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Tag Archives: archive

The fascinating world of letter locking

‘Letter-locking’ is a term coined by MIT conservator Jana Dambrogio, to refer to the techniques used to fold and seal shut letters. She has been investigating many different techniques by which this could be accomplished, ranging from the mainly decorative to the highly secure – so that the receiver could tell instantly if the letter had been tampered with. She has a series of videos on YouTube showing the various methods by which a letter could be locked, supplemented with detailed images on her website, and also this great blog post from the Folger which reminds us of the importance of making models if we want to understand a structure more fully. Currently she is conducting further research with Dr. Daniel Smith of Lincoln College, University of Oxford. Suddenly all those folds, creases and curious slits in the sides of old letters start to make sense…


Pterodactyls and bootprints

One of the pleasures of being a conservator is that unlike art historians, we are not necessarily restricted to the output of a particular period or country. This means that over the last few years I’ve worked with 16th century Persian manuscripts, First World War documents, and during my recent post at Tate, with a huge variety of 20th and 21st century art (including works produced within the last month!).

Possibly my favourite project whilst at Tate was the conservation of a collection of Graham Sutherland sketchbooks, which are part of the Archives holdings. The Archives at Tate are really something special: not just documents such as letters and diaries, but countless sketchbooks, drawings, studies, photographs, ephemera: often works that would be displayable as “art” in their own right. The Archives are currently involved in a project to digitise some of the collection and make it more accessible to the public, which is a wonderful thing as the images of the work will be of great benefit to researchers and the interested public. Sutherland’s sketchbooks were lovely to work with as they tell you a lot about his working processes: he would have a sketchbook per project (including one full of pterodactyls, probably associated with the painting The Origins of the Land, in Tate’s collection) and clearly worked in a very rough-and-ready way. Paint splashes everywhere, dog-eared corners, squashed spiral-bound rings, and sometimes bootprints. I imagine him in his studio with all his sketchbooks open on the floor, treading on the paper as he tries to transfer his vision to the canvas. I wrote a blog post for Tate’s own website about the project, which you can find here. Due to copyright, I haven’t reproduced any images here so do please follow the link to see!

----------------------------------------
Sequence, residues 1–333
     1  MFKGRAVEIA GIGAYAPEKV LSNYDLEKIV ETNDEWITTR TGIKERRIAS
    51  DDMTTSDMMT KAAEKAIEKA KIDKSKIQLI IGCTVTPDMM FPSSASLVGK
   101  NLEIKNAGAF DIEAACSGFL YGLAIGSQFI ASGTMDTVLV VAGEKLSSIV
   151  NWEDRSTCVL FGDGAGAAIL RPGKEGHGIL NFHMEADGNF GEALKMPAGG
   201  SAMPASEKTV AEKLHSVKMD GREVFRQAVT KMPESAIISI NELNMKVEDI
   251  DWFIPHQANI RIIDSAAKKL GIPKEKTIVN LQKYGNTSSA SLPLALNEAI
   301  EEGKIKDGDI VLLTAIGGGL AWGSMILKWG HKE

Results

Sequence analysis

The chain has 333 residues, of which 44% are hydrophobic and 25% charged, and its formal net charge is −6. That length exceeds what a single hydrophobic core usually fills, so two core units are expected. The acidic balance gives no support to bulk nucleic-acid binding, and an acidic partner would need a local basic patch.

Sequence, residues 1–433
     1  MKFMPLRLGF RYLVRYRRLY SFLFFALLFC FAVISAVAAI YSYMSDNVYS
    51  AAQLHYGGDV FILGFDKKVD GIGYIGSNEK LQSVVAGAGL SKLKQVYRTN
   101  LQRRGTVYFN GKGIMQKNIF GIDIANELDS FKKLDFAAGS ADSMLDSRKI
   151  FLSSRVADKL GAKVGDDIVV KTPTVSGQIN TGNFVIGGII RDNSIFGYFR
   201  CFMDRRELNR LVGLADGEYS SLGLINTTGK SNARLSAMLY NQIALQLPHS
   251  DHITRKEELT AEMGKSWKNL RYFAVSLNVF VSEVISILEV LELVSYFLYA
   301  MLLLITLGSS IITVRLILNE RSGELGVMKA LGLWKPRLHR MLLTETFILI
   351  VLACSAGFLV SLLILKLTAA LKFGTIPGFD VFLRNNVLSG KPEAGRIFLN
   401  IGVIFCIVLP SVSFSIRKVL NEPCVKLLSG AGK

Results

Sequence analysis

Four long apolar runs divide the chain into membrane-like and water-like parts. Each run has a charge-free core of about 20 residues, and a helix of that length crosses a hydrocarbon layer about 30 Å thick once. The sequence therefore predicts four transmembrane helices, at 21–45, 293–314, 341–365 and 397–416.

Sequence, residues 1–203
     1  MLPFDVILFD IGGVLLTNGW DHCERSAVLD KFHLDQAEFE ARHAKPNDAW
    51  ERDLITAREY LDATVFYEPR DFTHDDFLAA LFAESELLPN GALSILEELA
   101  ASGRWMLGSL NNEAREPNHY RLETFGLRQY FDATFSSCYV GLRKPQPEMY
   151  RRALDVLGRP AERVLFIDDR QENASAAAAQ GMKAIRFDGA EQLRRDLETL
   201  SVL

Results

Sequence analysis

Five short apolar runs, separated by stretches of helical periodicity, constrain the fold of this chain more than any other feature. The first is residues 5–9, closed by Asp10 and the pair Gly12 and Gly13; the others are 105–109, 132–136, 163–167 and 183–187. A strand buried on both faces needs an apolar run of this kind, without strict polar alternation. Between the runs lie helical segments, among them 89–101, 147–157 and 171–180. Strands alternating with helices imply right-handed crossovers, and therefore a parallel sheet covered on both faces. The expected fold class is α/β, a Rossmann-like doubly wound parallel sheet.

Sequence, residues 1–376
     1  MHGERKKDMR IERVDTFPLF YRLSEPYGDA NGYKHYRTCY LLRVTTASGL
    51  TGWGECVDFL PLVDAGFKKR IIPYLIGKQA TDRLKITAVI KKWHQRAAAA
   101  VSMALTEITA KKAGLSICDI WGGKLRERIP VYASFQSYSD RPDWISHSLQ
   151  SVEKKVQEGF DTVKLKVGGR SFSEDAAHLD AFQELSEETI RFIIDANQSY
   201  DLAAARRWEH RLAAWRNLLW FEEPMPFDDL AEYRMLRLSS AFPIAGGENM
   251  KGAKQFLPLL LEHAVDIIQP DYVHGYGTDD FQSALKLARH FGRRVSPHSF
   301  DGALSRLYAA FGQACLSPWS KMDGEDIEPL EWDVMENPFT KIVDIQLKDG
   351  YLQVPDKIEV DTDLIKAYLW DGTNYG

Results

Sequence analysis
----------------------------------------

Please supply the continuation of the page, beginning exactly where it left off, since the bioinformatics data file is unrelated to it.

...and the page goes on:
Watermarks at the BM

I have been working on a project at the British Museum to create a paper archive of various samples of handmade papers. This has involved taking lots of measurements and also recording and imaging watermarks in the papers. So far I have not been able to dedicate much time to identifying the watermarks but I hope that in time the information I have gathered can be added to, and this would make the database a really useful resource.

Finde/ A F Montgolfier/ D’Annonay /1769

Chain lines: 36-39mm, Laid lines: 7 per cm, Approx. gsm: 159

This paper and its watermark are typical of French paper from the Auvergne region. The paper is relatively thick, with an uneven distribution of pulp, and the watermark text is encapsulated within lozenge shapes. The heart device used as a stop between letters occurs frequently in French papers. The Montgolfier family of papermakers became particularly famous when two brothers from the family, Joseph-Michel and Jacques-Étienne, invented the hot air balloon, apparently using Montgolfier paper in its lining construction. Following several test flights, they eventually launched a sheep, a duck and a rooster into the air in one of their balloons at Versailles in 1783 (the King had suggested they launch two criminals instead). Apparently the balloon landed safely, although one wonders how the animals got on together in the basket.

The company became “Montgolfier et Canson” in 1801, and produces fine papers to this day under the name “Canson”.